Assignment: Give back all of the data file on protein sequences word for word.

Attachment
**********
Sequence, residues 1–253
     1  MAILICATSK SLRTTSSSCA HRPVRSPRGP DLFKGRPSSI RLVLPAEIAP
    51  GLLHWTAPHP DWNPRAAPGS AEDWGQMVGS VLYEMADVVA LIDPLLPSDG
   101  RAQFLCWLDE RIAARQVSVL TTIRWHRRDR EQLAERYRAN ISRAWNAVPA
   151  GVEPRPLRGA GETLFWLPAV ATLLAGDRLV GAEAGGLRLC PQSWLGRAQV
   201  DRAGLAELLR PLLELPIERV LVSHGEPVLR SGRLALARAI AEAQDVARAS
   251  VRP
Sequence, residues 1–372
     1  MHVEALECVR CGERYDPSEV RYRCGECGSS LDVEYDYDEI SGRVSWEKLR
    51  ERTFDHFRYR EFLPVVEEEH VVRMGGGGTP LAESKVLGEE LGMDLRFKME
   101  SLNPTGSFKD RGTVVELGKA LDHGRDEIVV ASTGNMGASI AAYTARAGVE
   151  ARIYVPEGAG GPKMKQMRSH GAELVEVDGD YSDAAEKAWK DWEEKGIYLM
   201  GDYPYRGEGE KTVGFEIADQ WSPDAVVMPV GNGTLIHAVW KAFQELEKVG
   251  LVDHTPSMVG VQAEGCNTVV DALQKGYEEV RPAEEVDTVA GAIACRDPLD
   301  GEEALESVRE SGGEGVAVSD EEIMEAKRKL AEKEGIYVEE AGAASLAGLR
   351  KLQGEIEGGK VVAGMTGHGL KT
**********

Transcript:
Sequence, residues 1–253
     1  MAILICATSK SLRTTSSSCA HRPVRSPRGP DLFKGRPSSI RLVLPAEIAP
    51  GLLHWTAPHP DWNPRAAPGS AEDWGQMVGS VLYEMADVVA LIDPLLPSDG
   101  RAQFLCWLDE RIAARQVSVL TTIRWHRRDR EQLAERYRAN ISRAWNAVPA
   151  GVEPRPLRGA GETLFWLPAV ATLLAGDRLV GAEAGGLRLC PQSWLGRAQV
   201  DRAGLAELLR PLLELPIERV LVSHGEPVLR SGRLALARAI AEAQDVARAS
   251  VRP
Sequence, residues 1–372
     1  MHVEALECVR CGERYDPSEV RYRCGECGSS LDVEYDYDEI SGRVSWEKLR
    51  ERTFDHFRYR EFLPVVEEEH VVRMGGGGTP LAESKVLGEE LGMDLRFKME
   101  SLNPTGSFKD RGTVVELGKA LDHGRDEIVV ASTGNMGASI AAYTARAGVE
   151  ARIYVPEGAG GPKMKQMRSH GAELVEVDGD YSDAAEKAWK DWEEKGIYLM
   201  GDYPYRGEGE KTVGFEIADQ WSPDAVVMPV GNGTLIHAVW KAFQELEKVG
   251  LVDHTPSMVG VQAEGCNTVV DALQKGYEEV RPAEEVDTVA GAIACRDPLD
   301  GEEALESVRE SGGEGVAVSD EEIMEAKRKL AEKEGIYVEE AGAASLAGLR
   351  KLQGEIEGGK VVAGMTGHGL KT